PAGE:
I’m back with more questions from blog readers about RVing, what’s happening in our lives since we hung up the keys, and all kinds of other things. While I try to answer all questions individually, I also share some here occasionally.
Q. Our motorhome broke down in a suburb of Detroit and we called our roadside service. It took them over five hours to get somebody to tow us to a diesel repair shop. Is this common, or do we need to be looking for another roadside service company?”
A. That is not uncommon at all. You have to keep in mind that not every tow truck can come to the rescue of a full-size motorhome. It takes a specialized rig to tow something that big. When we were broken down, our wait times ranged from as little as an hour to over 12 hours. And I really don’t think any company is better than others. They all do good sometimes, and they all seem to drop the ball now and then.
Q. Please, please tell me your new historical novel will be out soon, Nick. I am drooling, waiting for it. Do you have a release date yet?
A. It is with the last proofreader now. Once she is finished and I make her corrections, it has to be formatted and then uploaded to Amazon. I am shooting for sometime toward the end of the week, or maybe the weekend, if all goes as planned.
Q. We sold the house we lived in for over 20 years to become fulltime RVers. We are back in the old hometown and drove by it yesterday, and we are just sick with what they have done to it. It was white with blue trim, and they painted it some kind of light green. The rose bushes I planted along the front and sides and spent hundreds of hours nurturing are all gone, as are the fruit trees we had on one side. Those are just some of the changes. I know it’s not ours anymore, but I want to knock on the door and tell them they ruined it. My sister tells me that we made the choice to sell it and travel, and I know she is right. But we are still upset. Is this a normal reaction, or are we being weird?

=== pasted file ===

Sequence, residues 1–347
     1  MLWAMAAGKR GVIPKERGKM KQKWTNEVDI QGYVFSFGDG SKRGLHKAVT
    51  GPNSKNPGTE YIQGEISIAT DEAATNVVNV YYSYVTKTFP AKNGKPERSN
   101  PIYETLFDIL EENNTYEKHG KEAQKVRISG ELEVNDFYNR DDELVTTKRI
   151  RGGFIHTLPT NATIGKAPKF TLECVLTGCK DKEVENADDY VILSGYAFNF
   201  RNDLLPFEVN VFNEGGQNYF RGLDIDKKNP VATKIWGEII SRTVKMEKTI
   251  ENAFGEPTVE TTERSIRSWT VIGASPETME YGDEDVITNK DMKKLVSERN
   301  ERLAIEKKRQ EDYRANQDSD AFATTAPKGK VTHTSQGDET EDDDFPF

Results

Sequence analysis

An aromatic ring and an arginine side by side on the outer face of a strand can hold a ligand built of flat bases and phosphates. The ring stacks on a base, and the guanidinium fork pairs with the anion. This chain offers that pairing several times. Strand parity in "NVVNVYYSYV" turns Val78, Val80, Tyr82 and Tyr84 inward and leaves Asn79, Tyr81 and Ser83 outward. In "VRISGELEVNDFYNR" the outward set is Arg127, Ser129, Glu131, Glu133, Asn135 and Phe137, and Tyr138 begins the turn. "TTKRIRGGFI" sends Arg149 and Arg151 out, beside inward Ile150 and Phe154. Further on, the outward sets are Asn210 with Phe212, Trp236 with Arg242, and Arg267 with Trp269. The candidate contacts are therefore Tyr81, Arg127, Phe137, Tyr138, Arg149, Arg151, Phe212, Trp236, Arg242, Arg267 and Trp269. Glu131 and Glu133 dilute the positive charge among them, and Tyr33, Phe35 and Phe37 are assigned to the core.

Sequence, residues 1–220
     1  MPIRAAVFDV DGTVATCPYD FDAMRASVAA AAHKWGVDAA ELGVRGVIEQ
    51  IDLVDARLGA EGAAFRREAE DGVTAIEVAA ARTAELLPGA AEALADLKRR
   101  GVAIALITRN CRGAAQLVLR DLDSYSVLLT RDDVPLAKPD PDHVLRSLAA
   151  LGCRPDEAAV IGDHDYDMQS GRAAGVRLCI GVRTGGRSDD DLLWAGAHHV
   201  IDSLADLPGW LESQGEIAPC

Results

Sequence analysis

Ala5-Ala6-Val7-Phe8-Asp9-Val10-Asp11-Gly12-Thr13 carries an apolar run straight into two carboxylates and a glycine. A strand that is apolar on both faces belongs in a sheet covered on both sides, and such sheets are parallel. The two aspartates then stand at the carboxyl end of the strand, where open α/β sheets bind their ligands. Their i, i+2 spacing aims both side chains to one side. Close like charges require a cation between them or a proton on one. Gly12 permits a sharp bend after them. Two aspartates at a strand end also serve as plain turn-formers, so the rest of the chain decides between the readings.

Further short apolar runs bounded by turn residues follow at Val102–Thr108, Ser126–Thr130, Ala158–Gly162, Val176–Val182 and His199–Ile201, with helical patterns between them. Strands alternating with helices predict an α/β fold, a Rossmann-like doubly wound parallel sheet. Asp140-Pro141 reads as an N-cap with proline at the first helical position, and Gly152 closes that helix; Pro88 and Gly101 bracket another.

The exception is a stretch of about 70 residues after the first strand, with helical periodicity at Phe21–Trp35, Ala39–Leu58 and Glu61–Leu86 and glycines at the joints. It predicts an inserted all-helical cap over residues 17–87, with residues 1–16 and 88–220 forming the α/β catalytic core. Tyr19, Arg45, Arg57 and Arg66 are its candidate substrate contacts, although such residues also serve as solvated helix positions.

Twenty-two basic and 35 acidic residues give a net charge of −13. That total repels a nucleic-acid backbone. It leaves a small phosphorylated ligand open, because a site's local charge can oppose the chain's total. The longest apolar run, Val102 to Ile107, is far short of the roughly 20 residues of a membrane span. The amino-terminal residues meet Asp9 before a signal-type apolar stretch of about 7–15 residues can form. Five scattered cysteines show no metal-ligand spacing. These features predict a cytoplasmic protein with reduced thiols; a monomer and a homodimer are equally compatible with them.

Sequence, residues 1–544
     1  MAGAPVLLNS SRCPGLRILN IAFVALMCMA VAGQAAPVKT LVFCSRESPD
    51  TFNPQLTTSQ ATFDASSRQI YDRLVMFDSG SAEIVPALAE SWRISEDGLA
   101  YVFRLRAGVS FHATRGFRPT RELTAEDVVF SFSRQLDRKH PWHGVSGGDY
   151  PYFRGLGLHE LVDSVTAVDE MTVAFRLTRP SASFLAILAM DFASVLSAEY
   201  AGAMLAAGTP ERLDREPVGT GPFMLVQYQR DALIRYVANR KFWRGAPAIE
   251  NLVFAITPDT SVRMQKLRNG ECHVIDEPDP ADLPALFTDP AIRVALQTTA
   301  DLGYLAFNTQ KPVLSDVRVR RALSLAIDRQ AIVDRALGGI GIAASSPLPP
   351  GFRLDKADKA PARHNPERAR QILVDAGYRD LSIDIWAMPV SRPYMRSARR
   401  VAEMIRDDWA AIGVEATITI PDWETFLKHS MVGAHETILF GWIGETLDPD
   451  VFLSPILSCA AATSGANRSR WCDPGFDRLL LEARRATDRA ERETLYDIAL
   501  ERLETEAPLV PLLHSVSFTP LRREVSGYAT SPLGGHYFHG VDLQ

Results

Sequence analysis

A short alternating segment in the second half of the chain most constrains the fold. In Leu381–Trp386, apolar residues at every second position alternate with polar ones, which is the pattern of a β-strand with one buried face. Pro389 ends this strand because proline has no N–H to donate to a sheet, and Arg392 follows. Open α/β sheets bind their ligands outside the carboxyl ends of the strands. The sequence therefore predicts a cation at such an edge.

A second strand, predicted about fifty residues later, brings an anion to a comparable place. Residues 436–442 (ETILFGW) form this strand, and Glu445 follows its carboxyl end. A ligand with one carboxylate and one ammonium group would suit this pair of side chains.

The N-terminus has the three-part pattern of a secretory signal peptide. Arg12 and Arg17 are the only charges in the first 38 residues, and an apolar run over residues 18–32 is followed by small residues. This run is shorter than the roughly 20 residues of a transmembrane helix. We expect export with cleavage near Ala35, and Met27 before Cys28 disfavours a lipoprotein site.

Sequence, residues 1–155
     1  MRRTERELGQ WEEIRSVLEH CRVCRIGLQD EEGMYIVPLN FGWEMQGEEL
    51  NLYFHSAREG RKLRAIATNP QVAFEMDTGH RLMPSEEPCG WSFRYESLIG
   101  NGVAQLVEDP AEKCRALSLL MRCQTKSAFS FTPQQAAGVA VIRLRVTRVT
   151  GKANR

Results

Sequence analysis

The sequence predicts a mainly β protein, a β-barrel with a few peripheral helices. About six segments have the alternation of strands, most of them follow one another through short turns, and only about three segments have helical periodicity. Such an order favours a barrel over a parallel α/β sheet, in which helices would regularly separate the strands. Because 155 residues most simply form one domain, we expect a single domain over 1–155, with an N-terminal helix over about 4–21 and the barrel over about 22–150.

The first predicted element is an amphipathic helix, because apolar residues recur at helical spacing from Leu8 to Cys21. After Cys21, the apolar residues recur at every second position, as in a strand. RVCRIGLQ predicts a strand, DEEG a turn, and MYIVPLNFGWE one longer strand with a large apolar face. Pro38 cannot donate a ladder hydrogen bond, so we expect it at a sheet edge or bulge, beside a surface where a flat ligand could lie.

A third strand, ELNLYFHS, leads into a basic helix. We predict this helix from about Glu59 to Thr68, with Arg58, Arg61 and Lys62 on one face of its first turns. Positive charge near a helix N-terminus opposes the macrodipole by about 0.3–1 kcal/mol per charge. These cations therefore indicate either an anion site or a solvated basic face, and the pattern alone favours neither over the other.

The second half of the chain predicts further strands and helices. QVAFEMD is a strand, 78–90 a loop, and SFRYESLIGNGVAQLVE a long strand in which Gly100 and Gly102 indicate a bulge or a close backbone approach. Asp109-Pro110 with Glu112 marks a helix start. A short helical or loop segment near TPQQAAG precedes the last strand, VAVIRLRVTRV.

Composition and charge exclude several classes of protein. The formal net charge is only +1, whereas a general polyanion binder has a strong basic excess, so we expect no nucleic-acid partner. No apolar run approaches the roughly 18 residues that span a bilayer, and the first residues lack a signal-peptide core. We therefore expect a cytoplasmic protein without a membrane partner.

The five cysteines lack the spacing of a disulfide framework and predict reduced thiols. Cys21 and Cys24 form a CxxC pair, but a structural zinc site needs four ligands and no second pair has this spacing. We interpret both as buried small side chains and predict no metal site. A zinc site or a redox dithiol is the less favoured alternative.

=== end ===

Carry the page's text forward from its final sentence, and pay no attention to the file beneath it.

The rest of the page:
A. I once had a friend who was a very successful real estate broker. He never wanted home sellers and prospective buyers to meet because he said more than one deal fell apart when the buyers were describing the changes they planned to make, and the sellers became upset. Did the check clear the bank? If so, it’s theirs to do with what they want.
Q. My husband wants to buy an inflatable boat or inflatable kayak or something like that to take in the RV, and I seem to recall that you have had some, but I can’t remember the name of models. Can you remind me, please?
A. I have a Sea Eagle 435 PaddleSki, and Terry has a Sea Eagle 385 Fastrack. They are rugged and stable and an excellent choice for anybody traveling in an RV or living in a house because they are the size of a duffle bag when deflated. Even though we now have three hardshell kayaks, we still have our Sea Eagles and would never part with them.
Q. We have two large dogs, one is a mastiff/Dane mix and the other is a Heinz 57, and each of them weigh over 100 pounds. They are big goofy kids, but they do bark and intimidate people because they want love and attention from everybody they see. We tried to go to a couple of campgrounds last summer that would not allow us to come with the dogs. Now we’re talking about going fulltime, and we’re wondering if it’s going to be an issue for us. What are your thoughts?”
A. The hundred-plus pound dogs that you refer to as big rowdy kids can terrify people who don’t know them, and understandably so. When your dog comes running at them, they don’t know if it wants attention or dinner. I’m a dog lover, and I’ve always liked big dogs, but I also understand where people are coming from when they are cautious about animals that size. I would strongly suggest you look into training those animals, keeping them on leashes, and understanding that some campgrounds may not welcome you to be there due to insurance restrictions and/or customer protection. It comes with the territory when you own a large dog.
And finally, here’s a chuckle to start your day from the collection of funny signs we see in our travels and that our readers share with us.
Congratulations David C Schumaker, winner of our drawing for an audiobook of undone, the first book in my friend Jason Deas’ Burt Bigelow mystery series. We had 42 entries this time around. Stay tuned, a new contest starts soon.
Thought For The Day – My housekeeping style is best described as, “There appears to have been a struggle.”